From the decision:
“State criminal abortion laws, like those involved here, that except from criminality only a life-saving procedure on the mother’s behalf without regard to the stage of her pregnancy and other interests involved violate the Due Process Clause of the Fourteenth Amendment, which protects against state action the right to privacy, including a woman’s qualified right to terminate her pregnancy.”
The year was 1971, and the date was December 13th. Roe v. Wade was argued before the Supreme Court of the United States, and on January 22nd on 1973, 39 years ago, the Court ruled to protect a woman’s right to access an abortion.
To honor that legacy, the Silver Ribbon Campaign, MoveOn, and over 70 other reproductive justice, reproductive rights, and reproductive health groups are convening an online mass mobilization. The National March for Reproductive Health, Rights and Justice is happening so that we can let our elected officials know that Americans trust women to make their own decisions about their bodies and their lives. Click here to join the march!
Today, as we think about the long history of Roe in our country, we would be remiss not to shout from the rooftops that we have a two-tiered system of abortion access in the US.
When abortion was legalized in 1973, virtually all women had the ability to obtain an abortion. The Medicaid program, which covers health care for low-income people in the U.S., covered abortion just as it did other medical procedures.
But in 1977, Congress passed the Hyde Amendment, which banned Medicaid coverage of abortion. Abortion is the only medical procedure that has ever been banned from Medicaid. Most private insurance plans cover abortion. So it’s people who rely on Medicaid (and also: people who are federal employees or get their health care through a federal employee, people who get their health care through Indian Health Services and people serving in the military and those who get their health care through the military) are the ones who have health insurance that does not cover abortion.
This means that they must pay out-of-pocket for a procedure ranging from several hundred to several thousand dollars. This means that they often are in the position of forgoing food, or paying bills or childcare in order to get their abortion procedure.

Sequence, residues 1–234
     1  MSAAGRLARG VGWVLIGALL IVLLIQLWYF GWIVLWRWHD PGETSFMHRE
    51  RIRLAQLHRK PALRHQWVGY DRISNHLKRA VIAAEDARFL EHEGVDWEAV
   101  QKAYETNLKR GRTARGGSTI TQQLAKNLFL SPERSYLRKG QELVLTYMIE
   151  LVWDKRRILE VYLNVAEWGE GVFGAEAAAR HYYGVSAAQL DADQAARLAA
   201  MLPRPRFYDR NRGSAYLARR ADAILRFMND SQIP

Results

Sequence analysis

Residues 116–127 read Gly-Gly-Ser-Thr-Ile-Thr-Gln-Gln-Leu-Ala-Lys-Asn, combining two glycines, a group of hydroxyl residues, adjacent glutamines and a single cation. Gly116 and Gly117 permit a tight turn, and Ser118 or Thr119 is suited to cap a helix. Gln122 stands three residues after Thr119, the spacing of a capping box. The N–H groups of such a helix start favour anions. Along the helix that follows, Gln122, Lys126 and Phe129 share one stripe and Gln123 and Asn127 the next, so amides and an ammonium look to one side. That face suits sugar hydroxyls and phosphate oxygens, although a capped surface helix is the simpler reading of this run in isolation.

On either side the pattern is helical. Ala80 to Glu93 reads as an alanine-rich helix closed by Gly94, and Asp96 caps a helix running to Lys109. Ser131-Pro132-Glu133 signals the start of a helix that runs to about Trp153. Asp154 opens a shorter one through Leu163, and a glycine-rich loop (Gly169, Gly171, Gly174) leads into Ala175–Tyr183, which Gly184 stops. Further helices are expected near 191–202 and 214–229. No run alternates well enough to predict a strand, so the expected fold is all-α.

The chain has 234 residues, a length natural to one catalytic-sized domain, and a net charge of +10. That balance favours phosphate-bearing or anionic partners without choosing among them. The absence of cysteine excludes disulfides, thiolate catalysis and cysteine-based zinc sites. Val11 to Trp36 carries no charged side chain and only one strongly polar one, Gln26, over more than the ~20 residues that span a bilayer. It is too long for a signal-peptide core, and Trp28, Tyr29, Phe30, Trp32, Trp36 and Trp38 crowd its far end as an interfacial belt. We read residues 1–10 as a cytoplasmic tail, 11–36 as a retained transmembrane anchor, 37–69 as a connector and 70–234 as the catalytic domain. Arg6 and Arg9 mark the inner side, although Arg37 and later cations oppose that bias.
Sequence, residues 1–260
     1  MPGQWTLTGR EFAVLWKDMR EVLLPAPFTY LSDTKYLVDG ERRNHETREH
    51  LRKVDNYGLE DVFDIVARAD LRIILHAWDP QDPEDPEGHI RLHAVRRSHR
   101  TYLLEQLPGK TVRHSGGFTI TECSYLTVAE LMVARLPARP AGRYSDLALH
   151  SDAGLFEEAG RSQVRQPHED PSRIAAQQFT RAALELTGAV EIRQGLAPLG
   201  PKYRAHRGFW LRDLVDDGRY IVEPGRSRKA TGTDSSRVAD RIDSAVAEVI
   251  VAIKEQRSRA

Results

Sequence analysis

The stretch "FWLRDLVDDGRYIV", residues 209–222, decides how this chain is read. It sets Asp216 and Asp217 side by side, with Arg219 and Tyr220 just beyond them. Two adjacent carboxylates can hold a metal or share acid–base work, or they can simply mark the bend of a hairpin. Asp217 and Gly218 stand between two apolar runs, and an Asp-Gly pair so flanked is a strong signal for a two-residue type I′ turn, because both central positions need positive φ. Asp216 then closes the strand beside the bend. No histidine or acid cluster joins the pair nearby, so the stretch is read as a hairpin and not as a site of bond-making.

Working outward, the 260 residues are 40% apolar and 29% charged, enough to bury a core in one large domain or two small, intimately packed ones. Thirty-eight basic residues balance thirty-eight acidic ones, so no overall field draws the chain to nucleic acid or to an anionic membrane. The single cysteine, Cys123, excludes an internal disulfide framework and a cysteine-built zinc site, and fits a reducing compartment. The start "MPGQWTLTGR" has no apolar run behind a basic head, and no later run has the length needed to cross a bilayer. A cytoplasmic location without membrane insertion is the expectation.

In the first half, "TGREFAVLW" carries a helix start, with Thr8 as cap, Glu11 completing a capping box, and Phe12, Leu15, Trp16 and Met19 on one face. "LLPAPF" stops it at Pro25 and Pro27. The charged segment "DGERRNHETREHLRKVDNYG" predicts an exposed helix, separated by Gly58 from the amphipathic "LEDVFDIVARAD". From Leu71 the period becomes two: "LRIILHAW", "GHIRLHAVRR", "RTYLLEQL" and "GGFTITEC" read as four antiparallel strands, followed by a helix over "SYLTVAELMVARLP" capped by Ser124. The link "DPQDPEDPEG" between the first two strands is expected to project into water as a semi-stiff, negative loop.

So if you are fortunate enough to have health insurance in the US, you are likely to be covered for the full range of medical care should you have an unplanned pregnancy (for now anyway). If you happen to be a low-income person, and/or you depend on the US government for your health care, you’re on your own.
Yesterday, to mark the Anniversary, the President released a statement saying:
“As we mark the 39th anniversary of Roe v. Wade, we must remember that this Supreme Court decision not only protects a woman’s health and reproductive freedom, but also affirms a broader principle: that government should not intrude on private family matters. I remain committed to protecting a woman’s right to choose and this fundamental constitutional right. While this is a sensitive and often divisive issue—no matter what our views, we must stay united in our determination to prevent unintended pregnancies, support pregnant woman and mothers, reduce the need for abortion, encourage healthy relationships, and promote adoption. And as we remember this historic anniversary, we must also continue our efforts to ensure that our daughters have the same rights, freedoms, and opportunities as our sons to fulfill their dreams.”
Right on. Now how about adding “regardless of their economic status” to the end of that statement?